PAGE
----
Like many of you I have sometimes clicked the little check box allowing a business to send me its email newsletter. When I’ve done that, somewhere in the back of my mind I’m thinking I’ll get an email newsletter maybe once a week. Much to my chagrin I suddenly find them in my inbox not once a day, but sometimes twice a day, and even more. And, if the high frequency isn’t bad enough, they are often totally off topic for my needs and don’t ofter anything useful to me.

Email Newsletter Timing

A while ago, Smart Insights, a business offering marketing advice, dove deeply into the question of how frequently to send out email newsletters. Here’s what Dave Chaffey wrote about it:
The DMA’s National Email Client Report 2015 shows us that over the past three years companies are contacting individuals less on a monthly basis. Email Marketers look to be becoming more strategic in their approach, recognizing that content needs to be relevant and are moving more towards behavioral and triggered based marketing, rather than programmatic timed campaigns.  It’s very apparent that irrelevant, low quality emails can damage a brand and increase the number of unsubscribes.
People are less accepting of interruptive advertising then ever before, and one study found that 77% of consumers are already annoyed by the volume of email they receive. A Direct Marketing Association survey found that 75% of marketers hit the same email address between 1 and 5 times a month. How often you do it is going to depend on your type of business, who your customers are and what your product or service is. For businesses in the AEC sector selling to other AEC businesses, a reasonable frequency would probably be four times a month. For contractor businesses selling to consumers, much will depend on whether the target is a former customer, or a potential customer. As long as you are supplying useful information to former customers, a newsletter in their inbox a couple times a month would be a starting point. For potential customers you could probably double that frequency, depending on the season, and what their needs are. You can find lots of advice, and even a method you can use to test the best frequency at the links above. Of course you can send out email newsletters too infrequently as well; becoming an unknown in their mailboxes.

Newsletter Reasons

For construction businesses selling to the homeowner, and small commercial markets, email newsletters are one way of keeping your name in front of former customers. Former customers are good sources of new work in the form of referrals. If you include an email newsletter sign-up option on your website, it’s also a good way to introduce you and your services to potential customers. For specialty contractors working for a number of general contractors, email newsletters are a good way to keep your name circulating. If you can also send newsletters to the people who hire the generals you work for, like developers, you can reinforce your relationships with the people who they work with directly. For most contractors, sending newsletters to architects and engineers that reveal timely and unique information related to specifications, costs, and new developments in methods and materials, can showcase your knowledge. It also keeps your name top-of-mind. While, an email newsletter is not the best way to get people to answer a call to action, according to Ginny Soskey at HubSpot, it is an excellent way to develop a following of people who are interested in the construction services you offer. Over time, as they become more engaged, you can reinforce the idea you’re the one to call when they need your construction expertise. And, when your past and current customers receive your email newsletter, you stay on their minds. Assuming you’ve had good relationships with them, that’s a good thing. When someone asks them for a referral, they think of you.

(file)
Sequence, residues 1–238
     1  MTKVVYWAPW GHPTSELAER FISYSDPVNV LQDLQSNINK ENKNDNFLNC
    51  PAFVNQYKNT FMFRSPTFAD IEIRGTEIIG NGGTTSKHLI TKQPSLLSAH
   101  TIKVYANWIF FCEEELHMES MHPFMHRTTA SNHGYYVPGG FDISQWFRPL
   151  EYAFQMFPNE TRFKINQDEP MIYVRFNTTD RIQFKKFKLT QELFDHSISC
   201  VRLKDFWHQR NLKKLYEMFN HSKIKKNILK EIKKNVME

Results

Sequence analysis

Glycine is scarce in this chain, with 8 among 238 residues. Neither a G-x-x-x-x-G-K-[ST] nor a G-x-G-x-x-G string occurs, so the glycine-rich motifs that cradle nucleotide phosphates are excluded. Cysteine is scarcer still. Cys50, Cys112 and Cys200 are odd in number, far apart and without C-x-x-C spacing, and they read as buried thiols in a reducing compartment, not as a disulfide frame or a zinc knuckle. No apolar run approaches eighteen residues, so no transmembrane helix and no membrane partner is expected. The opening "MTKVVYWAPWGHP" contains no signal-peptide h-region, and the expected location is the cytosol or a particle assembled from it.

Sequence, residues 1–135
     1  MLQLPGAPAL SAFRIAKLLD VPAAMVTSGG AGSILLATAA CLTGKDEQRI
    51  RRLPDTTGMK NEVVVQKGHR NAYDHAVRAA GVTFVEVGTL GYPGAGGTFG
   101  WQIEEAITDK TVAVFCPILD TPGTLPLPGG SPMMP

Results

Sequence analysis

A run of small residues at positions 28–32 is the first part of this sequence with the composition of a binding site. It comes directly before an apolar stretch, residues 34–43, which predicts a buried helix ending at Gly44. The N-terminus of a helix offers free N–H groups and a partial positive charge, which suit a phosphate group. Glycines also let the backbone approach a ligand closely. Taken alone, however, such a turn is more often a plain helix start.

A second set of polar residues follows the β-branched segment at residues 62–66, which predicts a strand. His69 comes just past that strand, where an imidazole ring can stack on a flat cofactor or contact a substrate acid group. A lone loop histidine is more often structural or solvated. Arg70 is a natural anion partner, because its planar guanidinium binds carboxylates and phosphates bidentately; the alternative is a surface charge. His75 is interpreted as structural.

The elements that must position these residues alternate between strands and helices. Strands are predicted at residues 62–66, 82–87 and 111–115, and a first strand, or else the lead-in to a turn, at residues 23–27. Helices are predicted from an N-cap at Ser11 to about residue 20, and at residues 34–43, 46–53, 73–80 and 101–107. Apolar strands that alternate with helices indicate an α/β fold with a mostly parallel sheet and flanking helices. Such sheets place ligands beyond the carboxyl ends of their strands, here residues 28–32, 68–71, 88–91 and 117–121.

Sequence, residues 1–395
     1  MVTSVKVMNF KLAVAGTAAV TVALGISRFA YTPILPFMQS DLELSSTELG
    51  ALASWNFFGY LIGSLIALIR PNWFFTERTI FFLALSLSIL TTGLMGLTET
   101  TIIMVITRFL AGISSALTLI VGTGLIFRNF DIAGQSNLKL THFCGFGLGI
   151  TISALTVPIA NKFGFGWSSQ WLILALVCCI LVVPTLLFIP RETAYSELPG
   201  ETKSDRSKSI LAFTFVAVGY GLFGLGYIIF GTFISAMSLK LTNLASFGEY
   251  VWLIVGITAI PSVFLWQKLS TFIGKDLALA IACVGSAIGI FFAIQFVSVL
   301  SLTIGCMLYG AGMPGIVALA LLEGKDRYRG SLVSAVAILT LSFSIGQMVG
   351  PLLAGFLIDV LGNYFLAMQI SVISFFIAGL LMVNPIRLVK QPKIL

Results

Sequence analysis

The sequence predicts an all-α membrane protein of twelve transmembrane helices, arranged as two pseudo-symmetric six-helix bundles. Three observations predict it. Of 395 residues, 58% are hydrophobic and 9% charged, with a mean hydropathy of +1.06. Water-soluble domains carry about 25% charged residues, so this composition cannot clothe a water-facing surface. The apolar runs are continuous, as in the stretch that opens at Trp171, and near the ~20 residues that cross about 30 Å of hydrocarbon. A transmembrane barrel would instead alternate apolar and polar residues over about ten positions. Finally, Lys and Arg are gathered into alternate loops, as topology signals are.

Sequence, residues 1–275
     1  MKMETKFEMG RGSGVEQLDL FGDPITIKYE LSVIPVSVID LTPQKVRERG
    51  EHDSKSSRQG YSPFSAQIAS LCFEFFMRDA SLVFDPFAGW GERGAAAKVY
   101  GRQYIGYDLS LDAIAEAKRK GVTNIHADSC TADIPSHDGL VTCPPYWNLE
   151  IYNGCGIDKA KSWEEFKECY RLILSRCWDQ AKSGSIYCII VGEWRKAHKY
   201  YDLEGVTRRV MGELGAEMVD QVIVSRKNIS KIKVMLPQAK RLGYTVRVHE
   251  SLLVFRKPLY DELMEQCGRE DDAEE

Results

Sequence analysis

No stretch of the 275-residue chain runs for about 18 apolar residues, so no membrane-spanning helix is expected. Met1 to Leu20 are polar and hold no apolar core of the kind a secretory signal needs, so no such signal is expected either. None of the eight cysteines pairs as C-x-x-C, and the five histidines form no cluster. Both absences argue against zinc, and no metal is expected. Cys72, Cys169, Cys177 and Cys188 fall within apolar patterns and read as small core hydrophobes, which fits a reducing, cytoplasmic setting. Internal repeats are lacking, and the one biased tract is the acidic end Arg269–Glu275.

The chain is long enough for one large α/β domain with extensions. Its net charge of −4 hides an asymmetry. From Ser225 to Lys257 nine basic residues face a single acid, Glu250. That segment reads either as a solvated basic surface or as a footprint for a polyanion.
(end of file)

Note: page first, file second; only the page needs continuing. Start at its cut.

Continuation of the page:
The Value Equation

Above all, provide value. You have to offer people something useful in the email newsletter. Those things could be home improvement tips. Or, how about trends in commercial building? You might also highlight new products and services that people and companies can consider for their projects. Another idea is to include promotions you are offering that focus on building efficiencies and energy use, among other things. Here are some ideas for success with an email newsletter.

Assess Your Abilities

How often will you send out a newsletter? Do you have the time and resources to ALWAYS do it?

Choose The Format

Using a Digest approach, you highlight your own content, others’ content, or a mix. When you Curate, you focus on a range of topics and offer a variety of content. Using a Topical approach, you focus on a single topic.


Plan to make the newsletter 90% informative and/or educational, and 10% promotional.


Use visuals. Use unique titles for each newsletter, and make them intriguing. Keep it simple so it travels well. Only link to quality content. Avoid spam trap words in the subject line. These include free, help, reminder, click here.

Inform, Promote, Evaluate

Tell subscribers the frequency they should expect. Allow them to easily unsubscribe. Provide options for them to select their preferred frequency. Regularly promote the newsletter using social media. It’s not about you, it’s about the readers. Experiment with different mixes of content. Use polls to evaluate readers’ impressions. Keep track of the list’s numbers. Solicit feedback. Then, adjust accordingly.  

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